Controlling diseases in stone fruit orchards can be a challenge in any environment, but particularly in a subtropical climate. Although most diseases can be controlled, growers must be vigilant and control the disease progression before an epidemic occurs.
Integrated Pest Management (IPM) techniques can be implemented with weekly scouting to aid in responsible chemical applications in both conventional and organic orchards. Listed below are peach diseases common to stone fruit production in Florida. Please use the most current Southeastern Peach, Nectarine and Plum Pest Management and Culture Guide when making decisions on when and what to apply for control of these diseases. Be sure to rotate fungicide chemistries to avoid the development of resistance in your orchard. The consequences can be severe, such as the loss of an entire class of fungicide for a particular disease.
- Fungicide Resistance Action Committee (FRAC) Codes to help in deciding the rotation of chemicals
- Modes of action of fungicides used in peaches - UC IPM
In addition, be sure that you are calibrating your spray equipment properly. While small farms and orchards may be using backpack sprayers, large airblast sprayers are often used in larger orchards.
- Calibrating and Using Backpack Sprayers - Oregon State University
- Calibrating Airblast Sprayers - EDIS1435/AE238
- Managing Pesticide Drift - EDIS PI232
- Choosing a Nozzle Type - Virginia Tech University
Major Stone Fruit Diseases
- Florida Production Practices - EDIS HS 1109/348; University of Georgia
This publication has information about the diseases listed below with specific relativity to Florida. The following publications are listed for additional information about disease cycles and control and are available in the Southeastern Peach Growers' Handbook; University of Georgia.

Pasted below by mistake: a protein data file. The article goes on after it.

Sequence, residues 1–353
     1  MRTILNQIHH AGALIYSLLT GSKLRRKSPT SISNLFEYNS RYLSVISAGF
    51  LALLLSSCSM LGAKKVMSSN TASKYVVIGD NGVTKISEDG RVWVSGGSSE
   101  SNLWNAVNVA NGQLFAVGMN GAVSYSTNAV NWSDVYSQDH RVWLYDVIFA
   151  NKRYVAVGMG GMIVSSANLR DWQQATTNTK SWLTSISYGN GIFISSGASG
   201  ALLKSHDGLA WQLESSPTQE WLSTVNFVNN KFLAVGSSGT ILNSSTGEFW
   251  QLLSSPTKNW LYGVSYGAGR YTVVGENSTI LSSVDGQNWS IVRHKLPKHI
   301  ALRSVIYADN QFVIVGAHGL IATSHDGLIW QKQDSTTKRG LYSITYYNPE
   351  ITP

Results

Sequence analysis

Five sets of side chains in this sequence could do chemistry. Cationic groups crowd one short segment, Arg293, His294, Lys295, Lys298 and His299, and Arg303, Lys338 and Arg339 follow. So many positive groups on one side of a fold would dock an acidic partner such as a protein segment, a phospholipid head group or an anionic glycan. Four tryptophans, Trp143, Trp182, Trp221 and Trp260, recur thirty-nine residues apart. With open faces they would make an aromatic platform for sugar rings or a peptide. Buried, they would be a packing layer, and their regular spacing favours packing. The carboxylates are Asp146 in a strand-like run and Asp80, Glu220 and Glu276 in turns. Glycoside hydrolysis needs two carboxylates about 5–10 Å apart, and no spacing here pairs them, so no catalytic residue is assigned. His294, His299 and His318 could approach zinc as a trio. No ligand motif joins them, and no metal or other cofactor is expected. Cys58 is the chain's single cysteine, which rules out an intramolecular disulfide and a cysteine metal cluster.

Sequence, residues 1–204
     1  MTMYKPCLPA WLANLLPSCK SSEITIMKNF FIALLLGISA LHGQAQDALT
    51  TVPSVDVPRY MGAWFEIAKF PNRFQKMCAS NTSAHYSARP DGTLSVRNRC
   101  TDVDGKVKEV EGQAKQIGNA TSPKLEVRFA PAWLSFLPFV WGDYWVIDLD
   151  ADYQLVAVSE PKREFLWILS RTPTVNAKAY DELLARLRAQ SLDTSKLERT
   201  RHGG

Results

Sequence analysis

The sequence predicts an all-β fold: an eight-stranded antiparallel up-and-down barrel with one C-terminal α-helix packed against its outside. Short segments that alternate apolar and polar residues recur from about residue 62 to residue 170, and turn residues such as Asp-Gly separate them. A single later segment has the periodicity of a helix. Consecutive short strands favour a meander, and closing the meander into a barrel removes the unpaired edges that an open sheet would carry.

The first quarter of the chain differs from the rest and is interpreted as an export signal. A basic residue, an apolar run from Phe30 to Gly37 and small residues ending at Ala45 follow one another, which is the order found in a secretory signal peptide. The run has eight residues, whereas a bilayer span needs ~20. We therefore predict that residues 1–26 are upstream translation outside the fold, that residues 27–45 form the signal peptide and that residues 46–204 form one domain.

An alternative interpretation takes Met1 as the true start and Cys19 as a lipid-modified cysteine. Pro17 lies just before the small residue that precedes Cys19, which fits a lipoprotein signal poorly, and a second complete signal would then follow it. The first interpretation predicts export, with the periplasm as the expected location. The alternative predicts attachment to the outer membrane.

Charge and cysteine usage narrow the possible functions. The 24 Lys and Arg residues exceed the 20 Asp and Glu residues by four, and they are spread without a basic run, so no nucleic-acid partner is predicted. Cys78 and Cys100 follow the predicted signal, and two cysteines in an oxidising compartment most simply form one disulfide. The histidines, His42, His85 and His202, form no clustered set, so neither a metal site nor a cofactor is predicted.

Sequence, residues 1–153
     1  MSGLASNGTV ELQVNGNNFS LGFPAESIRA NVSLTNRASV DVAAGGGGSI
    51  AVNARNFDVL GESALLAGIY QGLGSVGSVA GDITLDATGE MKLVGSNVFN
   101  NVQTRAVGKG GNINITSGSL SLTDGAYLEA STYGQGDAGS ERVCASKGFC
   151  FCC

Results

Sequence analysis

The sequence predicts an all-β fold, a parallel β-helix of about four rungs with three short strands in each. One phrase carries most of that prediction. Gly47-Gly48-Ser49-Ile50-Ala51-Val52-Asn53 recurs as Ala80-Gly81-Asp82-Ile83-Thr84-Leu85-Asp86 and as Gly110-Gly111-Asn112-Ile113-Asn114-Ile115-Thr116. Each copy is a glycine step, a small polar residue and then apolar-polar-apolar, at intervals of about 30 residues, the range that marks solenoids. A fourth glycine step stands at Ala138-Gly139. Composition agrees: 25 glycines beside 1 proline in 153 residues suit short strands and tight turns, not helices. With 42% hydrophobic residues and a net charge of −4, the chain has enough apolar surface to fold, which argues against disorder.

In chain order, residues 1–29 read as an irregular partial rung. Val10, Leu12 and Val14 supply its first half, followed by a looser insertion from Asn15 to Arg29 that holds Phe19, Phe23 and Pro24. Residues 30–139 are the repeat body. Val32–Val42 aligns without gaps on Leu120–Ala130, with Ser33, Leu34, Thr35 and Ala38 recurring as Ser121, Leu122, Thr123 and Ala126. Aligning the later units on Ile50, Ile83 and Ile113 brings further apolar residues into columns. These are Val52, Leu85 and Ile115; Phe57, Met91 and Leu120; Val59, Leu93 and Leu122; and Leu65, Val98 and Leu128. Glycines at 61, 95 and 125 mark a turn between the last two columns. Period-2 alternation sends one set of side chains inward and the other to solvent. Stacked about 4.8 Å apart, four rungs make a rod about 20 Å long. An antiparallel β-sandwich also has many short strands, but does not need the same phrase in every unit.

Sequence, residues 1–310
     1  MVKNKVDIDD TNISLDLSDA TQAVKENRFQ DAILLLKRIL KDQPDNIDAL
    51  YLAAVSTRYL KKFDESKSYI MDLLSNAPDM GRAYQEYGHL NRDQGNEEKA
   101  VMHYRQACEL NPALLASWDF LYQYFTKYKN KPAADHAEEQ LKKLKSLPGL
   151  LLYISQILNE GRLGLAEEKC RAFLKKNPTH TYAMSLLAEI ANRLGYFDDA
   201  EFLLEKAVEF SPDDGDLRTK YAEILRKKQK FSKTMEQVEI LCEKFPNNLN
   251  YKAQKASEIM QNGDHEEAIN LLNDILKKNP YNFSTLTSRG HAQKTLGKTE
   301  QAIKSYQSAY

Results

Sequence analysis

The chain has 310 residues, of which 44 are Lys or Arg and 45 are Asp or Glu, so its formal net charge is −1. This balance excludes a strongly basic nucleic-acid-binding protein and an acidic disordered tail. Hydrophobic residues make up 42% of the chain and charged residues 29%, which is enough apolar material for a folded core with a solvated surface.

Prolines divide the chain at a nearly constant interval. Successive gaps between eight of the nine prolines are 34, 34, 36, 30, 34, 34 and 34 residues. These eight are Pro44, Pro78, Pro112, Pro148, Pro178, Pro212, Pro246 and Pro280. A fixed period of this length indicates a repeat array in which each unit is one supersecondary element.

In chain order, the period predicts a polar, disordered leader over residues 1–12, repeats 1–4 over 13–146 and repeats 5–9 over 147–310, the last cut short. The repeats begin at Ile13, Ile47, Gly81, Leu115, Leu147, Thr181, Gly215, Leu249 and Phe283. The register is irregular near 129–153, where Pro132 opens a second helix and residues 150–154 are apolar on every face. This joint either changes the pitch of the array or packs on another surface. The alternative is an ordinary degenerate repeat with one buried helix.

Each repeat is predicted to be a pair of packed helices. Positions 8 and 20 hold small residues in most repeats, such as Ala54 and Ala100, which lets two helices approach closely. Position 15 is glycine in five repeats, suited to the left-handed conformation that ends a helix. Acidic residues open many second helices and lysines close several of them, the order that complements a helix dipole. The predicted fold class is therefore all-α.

- Peach Scab
- Bacterial Spot (MSU)
- Armillaria Root and Crown Rot (Oak Root Rot) (PSU and LSU)
- Fungal Gummosis
- Peach Tree Short Life (Clemson)
- Phony Peach Disease (Xylella fastidiosa); Plum Leaf Scald - EDIS ENY-683/IN174
- Brown Rot
This disease is usually not a problem in central and southern Florida, because April and May are normally dry months. Fruit is harvested by late May in central and southern Florida, thus infections on the fruit are not as large a concern as in northern regions.
Recordkeeping is an essential activity when managing your orchard, and the Florida Department of Agricultural and Consumer Services has provided a suggested Pesticide Recordkeeping Form:
- USDA Organic Resources - NEW!!!
- Organic and Low-Spray Peach Production - National Sustainable Agriculture Information Service
- Low Spray and Organic Plum Production
- Tree Fruits: Organic Production Overview